That question first smartly posed by Vulture earlier this month makes sense in this binge-first society – however, I wouldn’t count out HBO to hatch another dragon of its own. Investors have steadily watched HBO become the crown jewel of Time Warner (NYSE:TWX) over the last few years and it’s that type of success that ultimately led to the acquisition by AT&T. Remember HBO carried Time Warner when none of its other divisions were coming close and Warner Bros. itself was mired in its defective DC universe of films.

And at the center was Game of Thrones. Even when the show was on one of its legendary extended hiatuses, it was still there. It was a sleeping giant that everyone knew would awaken with a roar. Netflix just doesn’t have that type of program… and that’s a problem.

And it’s not from lack of trying either (clearly).

Netflix does have its big hits and its instant-conversation starters, but by remaining so steadfast in its “all-at-once model”, it’s hurting the long-term possibilities for shareholders and that’s expanding out into the marketplace. And I don’t want to hear the stock is trading for triple digits – great, I’m happy for those investors – but you're short-sighted if you think that will ALWAYS be the case.

I also want to be clear because it merits repeating – the end is NOT near for Netflix. My point is investors just can’t get to comfortable because like with any company operating at that high of a level, there are few areas of concern.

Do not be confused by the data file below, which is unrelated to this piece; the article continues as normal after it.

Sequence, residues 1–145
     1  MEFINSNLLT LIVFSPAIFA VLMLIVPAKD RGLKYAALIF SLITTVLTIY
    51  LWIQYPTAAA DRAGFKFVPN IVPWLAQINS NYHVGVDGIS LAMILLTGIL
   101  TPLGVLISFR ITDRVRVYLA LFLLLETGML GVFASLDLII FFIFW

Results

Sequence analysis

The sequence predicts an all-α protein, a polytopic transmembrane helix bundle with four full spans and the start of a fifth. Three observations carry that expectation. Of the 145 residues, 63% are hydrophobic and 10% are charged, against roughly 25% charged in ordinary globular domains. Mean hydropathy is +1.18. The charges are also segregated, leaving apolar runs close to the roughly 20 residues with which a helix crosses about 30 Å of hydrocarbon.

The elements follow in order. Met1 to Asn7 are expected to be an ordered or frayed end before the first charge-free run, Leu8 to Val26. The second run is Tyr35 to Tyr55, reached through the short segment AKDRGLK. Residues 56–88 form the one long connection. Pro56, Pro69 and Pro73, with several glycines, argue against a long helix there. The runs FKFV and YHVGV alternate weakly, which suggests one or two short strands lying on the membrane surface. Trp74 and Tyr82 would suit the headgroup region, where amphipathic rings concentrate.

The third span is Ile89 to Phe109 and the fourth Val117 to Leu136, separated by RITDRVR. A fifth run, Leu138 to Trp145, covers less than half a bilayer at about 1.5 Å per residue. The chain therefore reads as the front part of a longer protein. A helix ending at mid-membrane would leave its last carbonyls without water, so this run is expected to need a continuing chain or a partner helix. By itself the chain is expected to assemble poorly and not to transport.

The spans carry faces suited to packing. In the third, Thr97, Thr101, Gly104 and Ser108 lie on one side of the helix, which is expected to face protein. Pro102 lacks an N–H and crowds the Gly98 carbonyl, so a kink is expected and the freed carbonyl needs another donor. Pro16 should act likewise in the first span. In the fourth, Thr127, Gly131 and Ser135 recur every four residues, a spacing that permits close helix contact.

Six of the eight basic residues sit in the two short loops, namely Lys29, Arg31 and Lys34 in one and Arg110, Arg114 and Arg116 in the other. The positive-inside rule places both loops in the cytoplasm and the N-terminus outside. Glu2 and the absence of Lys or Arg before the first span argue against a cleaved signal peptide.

Here it’s that Netflix’s competition is evolving – even the free-to-watch Pluto TV is making its mark in the space (courtesy of Viacom). And I’m also not saying Netflix’s “binge-model” is a bad idea, I’m just saying some flexibility helps.

Look at Hulu which solved their water-cooler problem with The Handmaid’s Tale by releasing a batch of episodes to start and then one-per-week. Or Amazon (NASDAQ:AMZN) which may keep the batch-model but strategically drops a priority show like The Marvelous Mrs. Maisel during the holidays where people are more likely to binge–watch shows (plus Maisel isn’t exactly offing characters left and right, so the spoilers are minimum).

And to those that say it doesn’t have an effect? Both of those shows and Thrones have won top honors at the Emmys over the last few years while Netflix has still not been able to break through there. Nominations are one thing, but you can’t tell me it doesn’t irk company executives and investors that the first trailblazer in streaming TV is the only one of the big three not to take home the top prize.

For how much Netflix spends (of investor money) on award campaigns, it has to be a thorn in its side as for them, HBO, Hulu, Amazon and even Disney (NYSE:DIS) and Apple (NASDAQ:AAPL) – it’s all about prestige and bragging rights. While Netflix broke through the wall, it’s Hulu and Amazon who have enjoyed the spoils thus far.

Last week the buzz leading up to the Thrones premiere was deafening and it was everywhere – and it will stay amplified right up until its May finale. Investors need to remember that when making their streaming investments because even without the Emmy-winning Goliath, the now AT&T juggernaut still has trick or two to play – and one that comes with the ultimate strategic advantage… time.

Disclosure: I/we have no positions in any stocks mentioned, and no plans to initiate any positions within the next 72 hours. I wrote this article myself, and it expresses my own opinions. I am not receiving compensation for it (other than from Seeking Alpha). I have no business relationship with any company whose stock is mentioned in this article.